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Suburban Business Products, Inc. v. Granite City Community Unit School District No. 9.

United States District Court, S.D. Illinois

May 16, 2014

SUBURBAN BUSINESS PRODUCTS, INC. d/b/a SBP Image Solutions, Plaintiff,
v.
GRANITE CITY COMMUNITY UNIT SCHOOL DISTRICT NO. 9, Defendant.

MEMORANDUM AND ORDER

J. PHIL GILBERT, District Judge.

This matter comes before the Court on the motion for summary judgment filed by defendant Granite City Community Unit School District No. 9 ("District") (Doc. 21). Plaintiff Suburban Business Products, Inc. ("SBP") has responded to the motion (Doc. 29), and the District has replied to that response (Doc. 34).

I. Standards for Summary Judgment

Summary judgment must be granted "if the movant shows that there is no genuine dispute as to any material fact and the movant is entitled to judgment as a matter of law." Fed.R.Civ.P. 56(a); see Celotex Corp. v. Catrett, 477 U.S. 317, 322 (1986); Spath v. Hayes Wheels Int'l-Ind., Inc., 211 F.3d 392, 396 (7th Cir. 2000). The reviewing court must construe the evidence in the light most favorable to the nonmoving party and draw all reasonable inferences in favor of that party. See Anderson v. Liberty Lobby, Inc., 477 U.S. 242, 255 (1986); Tolan v. Cotton, No. 13-551, 2014 WL 1757856, at *6 (U.S. May 5, 2014) ( per curiam ); Chelios v. Heavener, 520 F.3d 678, 685 (7th Cir. 2008).

The initial summary judgment burden of production is on the moving party to show the Court that there is no reason to have a trial. Celotex, 477 U.S. at 323; Modrowski v. Pigatto, 712 F.3d 1166, 1168 (7th Cir. 2013). Where the non-moving party carries the burden of proof at trial, the moving party may satisfy its burden of production in one of two ways. It may present evidence that affirmatively negates an essential element of the non-moving party's case, see Fed.R.Civ.P. 56(c)(1)(A), or it may point to an absence of evidence to support an essential element of the non-moving party's case without actually submitting any evidence, see Fed.R.Civ.P. 56(c)(1)(B). Celotex, 477 U.S. at 322-25; Modrowski, 712 F.3d at 1169. Where the moving party fails to meet its strict burden, a court cannot enter summary judgment for the moving party even if the opposing party fails to present relevant evidence in response to the motion. Cooper v. Lane, 969 F.2d 368, 371 (7th Cir. 1992).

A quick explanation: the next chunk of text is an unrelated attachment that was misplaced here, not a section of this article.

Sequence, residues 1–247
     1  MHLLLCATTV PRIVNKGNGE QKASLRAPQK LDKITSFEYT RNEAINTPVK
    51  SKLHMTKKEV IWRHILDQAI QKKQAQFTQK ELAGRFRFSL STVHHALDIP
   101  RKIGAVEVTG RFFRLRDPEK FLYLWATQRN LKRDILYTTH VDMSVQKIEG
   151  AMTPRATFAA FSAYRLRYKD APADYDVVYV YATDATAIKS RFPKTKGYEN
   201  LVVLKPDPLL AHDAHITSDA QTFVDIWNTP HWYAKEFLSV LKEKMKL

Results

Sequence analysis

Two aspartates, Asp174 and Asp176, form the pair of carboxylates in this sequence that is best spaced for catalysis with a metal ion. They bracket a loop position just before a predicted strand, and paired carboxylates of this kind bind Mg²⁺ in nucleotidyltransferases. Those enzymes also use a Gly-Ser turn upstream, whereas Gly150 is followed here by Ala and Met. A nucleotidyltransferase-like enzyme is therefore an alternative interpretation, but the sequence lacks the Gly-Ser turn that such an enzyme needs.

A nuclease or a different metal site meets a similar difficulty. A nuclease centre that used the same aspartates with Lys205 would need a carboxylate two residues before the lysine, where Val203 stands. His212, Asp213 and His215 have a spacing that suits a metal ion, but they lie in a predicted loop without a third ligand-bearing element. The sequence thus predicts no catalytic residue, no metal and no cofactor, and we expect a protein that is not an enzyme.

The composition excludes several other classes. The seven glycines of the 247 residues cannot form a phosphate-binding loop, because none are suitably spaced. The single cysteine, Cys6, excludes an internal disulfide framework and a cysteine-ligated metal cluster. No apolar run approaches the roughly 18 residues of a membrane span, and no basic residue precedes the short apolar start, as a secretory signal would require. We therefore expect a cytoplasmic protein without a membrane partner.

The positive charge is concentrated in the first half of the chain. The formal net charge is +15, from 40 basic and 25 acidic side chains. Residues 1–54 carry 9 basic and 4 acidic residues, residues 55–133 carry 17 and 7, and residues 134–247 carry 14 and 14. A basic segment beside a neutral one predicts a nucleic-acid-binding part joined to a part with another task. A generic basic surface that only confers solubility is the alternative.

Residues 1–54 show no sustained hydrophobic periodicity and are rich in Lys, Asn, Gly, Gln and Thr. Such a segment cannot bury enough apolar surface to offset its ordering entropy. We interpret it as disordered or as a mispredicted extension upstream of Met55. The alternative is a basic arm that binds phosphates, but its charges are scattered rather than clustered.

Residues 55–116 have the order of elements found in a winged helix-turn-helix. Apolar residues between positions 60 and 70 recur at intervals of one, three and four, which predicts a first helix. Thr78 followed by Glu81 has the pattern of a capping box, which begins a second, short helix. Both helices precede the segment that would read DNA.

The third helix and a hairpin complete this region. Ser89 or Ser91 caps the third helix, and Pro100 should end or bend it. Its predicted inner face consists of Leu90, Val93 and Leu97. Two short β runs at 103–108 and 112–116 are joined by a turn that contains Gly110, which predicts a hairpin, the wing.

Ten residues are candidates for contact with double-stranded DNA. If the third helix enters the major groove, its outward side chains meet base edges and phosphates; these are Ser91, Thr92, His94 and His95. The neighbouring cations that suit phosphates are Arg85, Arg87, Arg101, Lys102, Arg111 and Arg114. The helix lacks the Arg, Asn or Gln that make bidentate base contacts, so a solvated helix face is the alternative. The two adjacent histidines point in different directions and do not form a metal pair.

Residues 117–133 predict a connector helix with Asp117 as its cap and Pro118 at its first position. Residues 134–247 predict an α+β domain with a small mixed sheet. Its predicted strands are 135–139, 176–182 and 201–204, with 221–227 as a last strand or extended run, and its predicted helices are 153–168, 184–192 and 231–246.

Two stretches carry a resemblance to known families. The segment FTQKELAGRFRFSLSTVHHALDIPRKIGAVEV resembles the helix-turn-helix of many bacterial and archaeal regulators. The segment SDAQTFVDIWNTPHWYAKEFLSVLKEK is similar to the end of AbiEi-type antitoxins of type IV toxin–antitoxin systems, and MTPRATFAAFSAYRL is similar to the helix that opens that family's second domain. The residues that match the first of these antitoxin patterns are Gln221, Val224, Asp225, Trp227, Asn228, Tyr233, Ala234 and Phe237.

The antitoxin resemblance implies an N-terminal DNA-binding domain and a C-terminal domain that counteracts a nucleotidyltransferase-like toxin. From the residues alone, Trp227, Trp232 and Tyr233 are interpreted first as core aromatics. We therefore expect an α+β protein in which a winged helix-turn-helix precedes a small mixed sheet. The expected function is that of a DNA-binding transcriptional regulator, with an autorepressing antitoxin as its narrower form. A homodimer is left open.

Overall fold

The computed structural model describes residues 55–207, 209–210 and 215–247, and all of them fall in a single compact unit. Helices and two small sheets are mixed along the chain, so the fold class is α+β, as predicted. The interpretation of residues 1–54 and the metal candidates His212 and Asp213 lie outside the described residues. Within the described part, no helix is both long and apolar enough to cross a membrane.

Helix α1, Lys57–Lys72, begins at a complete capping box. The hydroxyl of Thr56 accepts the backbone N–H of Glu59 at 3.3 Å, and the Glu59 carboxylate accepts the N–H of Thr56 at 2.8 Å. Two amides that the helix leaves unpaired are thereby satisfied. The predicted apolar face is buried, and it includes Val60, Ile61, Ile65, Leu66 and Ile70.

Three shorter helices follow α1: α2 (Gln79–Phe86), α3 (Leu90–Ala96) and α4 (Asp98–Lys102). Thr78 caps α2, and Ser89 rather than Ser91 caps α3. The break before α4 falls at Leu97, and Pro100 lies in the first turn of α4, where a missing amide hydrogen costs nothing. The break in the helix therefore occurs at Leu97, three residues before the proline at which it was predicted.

In responding to a summary judgment motion, the nonmoving party may not simply rest upon the allegations contained in the pleadings but must present specific facts to show that a genuine issue of material fact exists. Celotex, 477 U.S. at 322-26; Anderson, 477 U.S. at 256-57; Modrowski, 712 F.3d at 1168. A genuine issue of material fact is not demonstrated by the mere existence of "some alleged factual dispute between the parties, " Anderson, 477 U.S. at 247, or by "some metaphysical doubt as to the material facts, " Matsushita Elec. Indus. Co. v. Zenith Radio Corp., 475 U.S. 574, 586 (1986). Rather, a genuine issue of material fact exists only if "a fair-minded jury could return a verdict for the [nonmoving party] on the evidence presented." Anderson, 477 U.S. at 252.

II. Facts